1. Remove the site’s global style.scss from angular.json for the sub-project.

  2. Create a new component that inherits from myExportableComponent, but otherwise has no code. It also does not have its own template — it shares that of the base component. You don’t actually even need to export this component from the module in the sub-project. That way the main app can only use the base one by default, which is good.

  3. The new child component’s styleUrls has two files. First is a component-specific stylesheet. It’s set up like normal, but inside it all it has is an import referencing the main site’s global stylesheet, something like @import '../../../../../../src/app/styles.scss';. I wanted to reference this directly but kept getting odd build errors, so this trick of importing it inside a "normal" component-specific stylesheet works. The second file is a reference to the base component’s normal component-specific stylesheet.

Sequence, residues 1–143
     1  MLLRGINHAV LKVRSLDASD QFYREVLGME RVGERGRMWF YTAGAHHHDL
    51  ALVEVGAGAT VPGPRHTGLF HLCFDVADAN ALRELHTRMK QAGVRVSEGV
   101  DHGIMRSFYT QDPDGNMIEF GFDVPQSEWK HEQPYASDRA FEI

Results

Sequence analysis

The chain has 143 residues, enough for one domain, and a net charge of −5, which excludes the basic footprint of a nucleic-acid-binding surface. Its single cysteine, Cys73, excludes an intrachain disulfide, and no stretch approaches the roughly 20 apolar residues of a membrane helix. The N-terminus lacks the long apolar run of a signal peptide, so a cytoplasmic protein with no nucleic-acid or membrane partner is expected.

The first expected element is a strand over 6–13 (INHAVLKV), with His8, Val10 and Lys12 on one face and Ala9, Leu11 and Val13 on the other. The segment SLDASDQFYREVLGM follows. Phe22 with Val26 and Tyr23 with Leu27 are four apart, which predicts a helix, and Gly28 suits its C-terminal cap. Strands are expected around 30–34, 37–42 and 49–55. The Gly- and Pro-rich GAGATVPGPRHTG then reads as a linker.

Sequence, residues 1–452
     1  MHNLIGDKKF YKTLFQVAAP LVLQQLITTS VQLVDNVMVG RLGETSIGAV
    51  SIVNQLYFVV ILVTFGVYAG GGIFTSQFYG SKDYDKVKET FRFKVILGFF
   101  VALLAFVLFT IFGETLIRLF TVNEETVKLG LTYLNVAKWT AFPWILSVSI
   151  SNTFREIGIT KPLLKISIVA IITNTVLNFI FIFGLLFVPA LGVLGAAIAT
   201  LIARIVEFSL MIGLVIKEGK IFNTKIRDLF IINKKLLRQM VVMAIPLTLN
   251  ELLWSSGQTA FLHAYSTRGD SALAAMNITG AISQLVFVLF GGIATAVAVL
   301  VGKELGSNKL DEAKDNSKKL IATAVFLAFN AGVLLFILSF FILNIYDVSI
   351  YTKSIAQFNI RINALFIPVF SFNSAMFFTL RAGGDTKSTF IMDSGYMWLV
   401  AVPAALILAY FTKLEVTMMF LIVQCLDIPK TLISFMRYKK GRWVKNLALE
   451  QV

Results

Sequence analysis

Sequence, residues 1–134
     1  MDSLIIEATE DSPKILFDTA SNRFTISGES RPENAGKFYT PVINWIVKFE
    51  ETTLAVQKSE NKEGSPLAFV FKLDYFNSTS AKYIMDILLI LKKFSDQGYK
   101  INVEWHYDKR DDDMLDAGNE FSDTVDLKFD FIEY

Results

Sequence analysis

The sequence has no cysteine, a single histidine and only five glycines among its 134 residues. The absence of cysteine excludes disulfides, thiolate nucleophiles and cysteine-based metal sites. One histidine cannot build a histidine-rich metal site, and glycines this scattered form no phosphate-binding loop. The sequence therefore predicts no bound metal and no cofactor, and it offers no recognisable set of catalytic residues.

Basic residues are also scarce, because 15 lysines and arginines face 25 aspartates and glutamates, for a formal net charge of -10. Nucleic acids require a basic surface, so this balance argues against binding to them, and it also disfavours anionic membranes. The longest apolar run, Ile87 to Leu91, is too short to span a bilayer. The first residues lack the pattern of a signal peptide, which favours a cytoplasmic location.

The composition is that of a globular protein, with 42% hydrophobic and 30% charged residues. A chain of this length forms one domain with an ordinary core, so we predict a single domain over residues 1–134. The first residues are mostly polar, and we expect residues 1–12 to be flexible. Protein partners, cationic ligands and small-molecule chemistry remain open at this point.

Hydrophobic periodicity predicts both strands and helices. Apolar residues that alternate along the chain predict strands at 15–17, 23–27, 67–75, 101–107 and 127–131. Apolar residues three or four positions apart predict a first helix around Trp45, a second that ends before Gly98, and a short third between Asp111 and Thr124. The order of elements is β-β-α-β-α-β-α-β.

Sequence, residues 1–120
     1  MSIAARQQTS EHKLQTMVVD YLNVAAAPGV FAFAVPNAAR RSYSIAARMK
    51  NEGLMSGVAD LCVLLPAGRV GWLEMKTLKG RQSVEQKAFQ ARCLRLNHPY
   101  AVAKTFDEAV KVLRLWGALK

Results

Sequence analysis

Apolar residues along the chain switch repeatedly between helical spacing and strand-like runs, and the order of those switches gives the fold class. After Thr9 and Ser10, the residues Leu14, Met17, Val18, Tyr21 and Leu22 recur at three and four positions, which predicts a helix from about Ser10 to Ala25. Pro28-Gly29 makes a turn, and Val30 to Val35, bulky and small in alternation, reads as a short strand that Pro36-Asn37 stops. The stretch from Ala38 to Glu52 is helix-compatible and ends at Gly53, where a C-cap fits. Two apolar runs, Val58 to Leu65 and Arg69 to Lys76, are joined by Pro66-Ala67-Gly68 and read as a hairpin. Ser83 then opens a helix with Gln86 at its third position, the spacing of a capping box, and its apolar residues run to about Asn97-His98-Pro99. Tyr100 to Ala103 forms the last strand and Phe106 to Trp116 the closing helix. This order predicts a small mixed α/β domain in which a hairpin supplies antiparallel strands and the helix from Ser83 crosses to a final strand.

4. When doing createCustomElement for the web component, use the child component instead of the parent.

The bottom line is that when building the generic web component, the main site’s global css will be included at the top of the component-specific css for myExportableComponent, instead of globally. The global styles are then encapsulated, and can also still be overridden by component-specific styles like normal.

I wanted to do the same with theme.scss containing the Material theme, but it seems to only work if it’s truly in the global scope ( For now this isn’t a dealbreaker for me.


  • No special setup or disruption of main site project. It and myExportableComponent can be worked with in a totally standard way within our main app.
  • Style encapsulation works the same way in exported web component as it does in our main project, and does not leak out to 3rd party sites.
  • No special build scripts needed


  • It’s a bit unorthodox, and you need to make sure other developers don’t put anything in the dummy/inherited files that serve as the plumbing for this build solution.
  • Not yet possible for Material theme css, as far as I can tell.

Answered By – Roobot

Answer Checked By – David Marino (AngularFixing Volunteer)